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Christmas Victory: How Weather Aided Washington's Surprise Attack

By Samantha-Rae Tuthill
December 26, 2014; 3:38 AM ET
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On Dec. 25, 1776, during the early years of the American Revolution, General George Washington led his troops on a surprise attack of British-backed forces by crossing the Delaware River in adverse weather conditions.

Stationed in Pennsylvania, Washington devised a plan to take his troops across the river in New Jersey to surprise opponents in Trenton. Between the holiday and poor weather, the attack was unexpected by the enemy forces. According to the Mount Vernon Ladies' Association, "The element of surprise was the only way that he and his army stood a chance of defeating the highly trained Hessian mercenaries."

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The night of the crossing, high winds, sleet, rain and snow made for rough waters on the river, where chunks of floating ice added to the dangers. Combined with the dark of night, the conditions also contributed to low visibility for the Continental troops as they tried to make their way across the treacherous river. Three other forces had previously attempted to cross the river that night but were unsuccessful, leaving them a few thousand people short for their battle plan.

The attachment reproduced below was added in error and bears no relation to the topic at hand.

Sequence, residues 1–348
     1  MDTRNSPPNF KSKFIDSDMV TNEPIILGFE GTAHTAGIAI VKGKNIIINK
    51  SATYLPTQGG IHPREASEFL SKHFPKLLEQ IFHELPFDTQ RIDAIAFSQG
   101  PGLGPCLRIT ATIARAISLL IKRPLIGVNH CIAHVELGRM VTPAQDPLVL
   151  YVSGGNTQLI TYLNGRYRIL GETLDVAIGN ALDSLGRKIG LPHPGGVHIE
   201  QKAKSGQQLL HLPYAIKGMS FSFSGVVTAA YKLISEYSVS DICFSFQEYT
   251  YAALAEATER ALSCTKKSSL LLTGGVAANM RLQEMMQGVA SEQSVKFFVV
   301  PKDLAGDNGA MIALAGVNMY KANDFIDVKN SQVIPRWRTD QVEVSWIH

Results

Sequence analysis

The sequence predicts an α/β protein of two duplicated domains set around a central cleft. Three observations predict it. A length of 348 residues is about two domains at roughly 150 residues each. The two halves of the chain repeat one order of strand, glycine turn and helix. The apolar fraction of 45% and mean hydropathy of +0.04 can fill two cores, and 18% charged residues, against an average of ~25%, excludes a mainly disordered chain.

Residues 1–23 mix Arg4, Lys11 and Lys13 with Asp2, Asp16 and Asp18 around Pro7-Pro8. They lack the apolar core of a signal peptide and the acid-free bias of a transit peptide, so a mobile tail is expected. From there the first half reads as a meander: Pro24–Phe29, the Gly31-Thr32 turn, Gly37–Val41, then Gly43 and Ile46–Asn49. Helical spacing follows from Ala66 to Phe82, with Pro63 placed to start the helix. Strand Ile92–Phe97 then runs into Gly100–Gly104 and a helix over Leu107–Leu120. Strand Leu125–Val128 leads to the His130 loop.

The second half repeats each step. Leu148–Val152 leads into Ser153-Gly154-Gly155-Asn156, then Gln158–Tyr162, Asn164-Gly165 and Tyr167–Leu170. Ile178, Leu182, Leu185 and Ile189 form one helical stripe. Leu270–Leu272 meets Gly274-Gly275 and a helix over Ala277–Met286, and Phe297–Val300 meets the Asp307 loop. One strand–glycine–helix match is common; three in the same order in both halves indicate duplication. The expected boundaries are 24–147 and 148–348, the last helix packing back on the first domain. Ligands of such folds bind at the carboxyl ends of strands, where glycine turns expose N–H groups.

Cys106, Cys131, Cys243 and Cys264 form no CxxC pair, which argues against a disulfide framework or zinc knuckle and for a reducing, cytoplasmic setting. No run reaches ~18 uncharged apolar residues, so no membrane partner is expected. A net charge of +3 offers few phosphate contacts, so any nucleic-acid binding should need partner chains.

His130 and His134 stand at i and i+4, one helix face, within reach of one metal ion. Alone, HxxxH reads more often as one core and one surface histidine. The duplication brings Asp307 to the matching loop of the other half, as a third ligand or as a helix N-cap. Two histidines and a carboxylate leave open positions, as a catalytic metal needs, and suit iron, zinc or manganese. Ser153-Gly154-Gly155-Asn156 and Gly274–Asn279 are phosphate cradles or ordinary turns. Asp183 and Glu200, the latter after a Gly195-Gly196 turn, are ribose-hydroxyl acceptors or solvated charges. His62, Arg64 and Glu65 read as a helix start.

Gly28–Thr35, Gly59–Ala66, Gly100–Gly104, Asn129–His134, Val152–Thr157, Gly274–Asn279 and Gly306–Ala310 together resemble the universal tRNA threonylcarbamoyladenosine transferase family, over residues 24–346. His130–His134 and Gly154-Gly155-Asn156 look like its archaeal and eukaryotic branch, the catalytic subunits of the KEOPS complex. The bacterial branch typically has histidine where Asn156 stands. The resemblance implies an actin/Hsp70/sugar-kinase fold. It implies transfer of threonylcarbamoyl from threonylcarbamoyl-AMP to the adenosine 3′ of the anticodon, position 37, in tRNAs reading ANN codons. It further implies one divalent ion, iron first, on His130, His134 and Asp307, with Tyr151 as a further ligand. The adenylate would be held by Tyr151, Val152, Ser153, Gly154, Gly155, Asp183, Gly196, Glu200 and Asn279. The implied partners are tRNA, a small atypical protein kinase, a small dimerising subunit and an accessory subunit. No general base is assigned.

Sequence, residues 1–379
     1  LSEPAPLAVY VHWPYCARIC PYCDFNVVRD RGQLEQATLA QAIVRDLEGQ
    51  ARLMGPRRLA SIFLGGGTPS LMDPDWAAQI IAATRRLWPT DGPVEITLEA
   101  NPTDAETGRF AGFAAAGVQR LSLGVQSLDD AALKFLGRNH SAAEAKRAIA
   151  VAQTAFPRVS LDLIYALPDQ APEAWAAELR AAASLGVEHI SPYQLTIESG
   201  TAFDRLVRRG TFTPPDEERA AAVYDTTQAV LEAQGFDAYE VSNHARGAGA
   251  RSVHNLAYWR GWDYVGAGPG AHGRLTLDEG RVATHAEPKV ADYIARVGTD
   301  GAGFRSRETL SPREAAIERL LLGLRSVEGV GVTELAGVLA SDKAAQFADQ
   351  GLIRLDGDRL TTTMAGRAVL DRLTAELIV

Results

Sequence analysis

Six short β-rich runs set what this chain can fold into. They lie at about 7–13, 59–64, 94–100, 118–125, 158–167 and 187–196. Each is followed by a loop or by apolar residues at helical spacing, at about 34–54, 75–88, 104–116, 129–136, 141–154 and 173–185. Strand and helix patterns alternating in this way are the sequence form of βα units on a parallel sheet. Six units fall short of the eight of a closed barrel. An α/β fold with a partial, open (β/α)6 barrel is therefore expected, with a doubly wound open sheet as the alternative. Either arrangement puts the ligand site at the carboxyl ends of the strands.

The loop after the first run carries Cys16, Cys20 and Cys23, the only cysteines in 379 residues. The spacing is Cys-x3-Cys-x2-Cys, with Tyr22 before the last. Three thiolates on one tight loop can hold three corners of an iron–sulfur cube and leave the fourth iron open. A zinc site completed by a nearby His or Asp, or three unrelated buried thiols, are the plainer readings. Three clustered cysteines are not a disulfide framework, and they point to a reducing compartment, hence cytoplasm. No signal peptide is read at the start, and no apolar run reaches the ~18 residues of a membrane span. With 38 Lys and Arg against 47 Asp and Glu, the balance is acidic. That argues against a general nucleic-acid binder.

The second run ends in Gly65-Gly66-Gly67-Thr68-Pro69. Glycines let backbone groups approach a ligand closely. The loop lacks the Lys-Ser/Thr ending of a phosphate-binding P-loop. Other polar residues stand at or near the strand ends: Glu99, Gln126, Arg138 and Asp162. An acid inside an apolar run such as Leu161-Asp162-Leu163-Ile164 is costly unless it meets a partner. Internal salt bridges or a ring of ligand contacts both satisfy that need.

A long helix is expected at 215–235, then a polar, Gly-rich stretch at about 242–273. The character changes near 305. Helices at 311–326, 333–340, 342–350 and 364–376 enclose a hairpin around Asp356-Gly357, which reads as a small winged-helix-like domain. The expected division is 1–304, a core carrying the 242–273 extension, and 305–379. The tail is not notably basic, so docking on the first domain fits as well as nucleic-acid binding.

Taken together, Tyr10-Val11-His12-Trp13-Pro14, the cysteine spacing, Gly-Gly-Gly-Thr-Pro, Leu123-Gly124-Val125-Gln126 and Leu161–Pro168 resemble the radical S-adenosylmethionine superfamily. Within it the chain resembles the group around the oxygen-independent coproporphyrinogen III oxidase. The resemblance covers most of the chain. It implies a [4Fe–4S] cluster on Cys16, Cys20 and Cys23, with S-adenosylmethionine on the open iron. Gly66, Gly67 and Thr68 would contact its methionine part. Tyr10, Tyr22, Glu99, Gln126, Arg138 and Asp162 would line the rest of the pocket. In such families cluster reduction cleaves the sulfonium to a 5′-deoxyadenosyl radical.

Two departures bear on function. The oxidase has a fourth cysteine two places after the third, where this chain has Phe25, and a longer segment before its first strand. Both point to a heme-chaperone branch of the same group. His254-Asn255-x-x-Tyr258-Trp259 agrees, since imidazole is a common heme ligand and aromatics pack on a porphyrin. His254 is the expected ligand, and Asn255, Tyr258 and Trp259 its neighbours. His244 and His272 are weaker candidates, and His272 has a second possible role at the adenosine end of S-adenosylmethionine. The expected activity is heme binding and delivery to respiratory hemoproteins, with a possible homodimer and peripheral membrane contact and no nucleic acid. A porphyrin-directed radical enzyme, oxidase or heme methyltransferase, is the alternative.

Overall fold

Artist's depiction of Washington's forces as they cross the Delaware River. (George Caleb Bingham/Chrysler Museum of Art)

Washington's forces attacked a stronghold of Hessian soldiers the following morning, catching them largely off guard. The result was a decisive victory for the Patriot troops, taking on very few wounded in the battle. The casualties they did endure were a result of exposure to the harsh winter elements during the march rather than the battle itself.

The victory helped to boost the morale of American fighters who had previously suffered significant losses against British forces. The event inspired soldiers to keep fighting for their cause and has ensured a spot in American history as one of the most iconic moments of the Revolutionary War.


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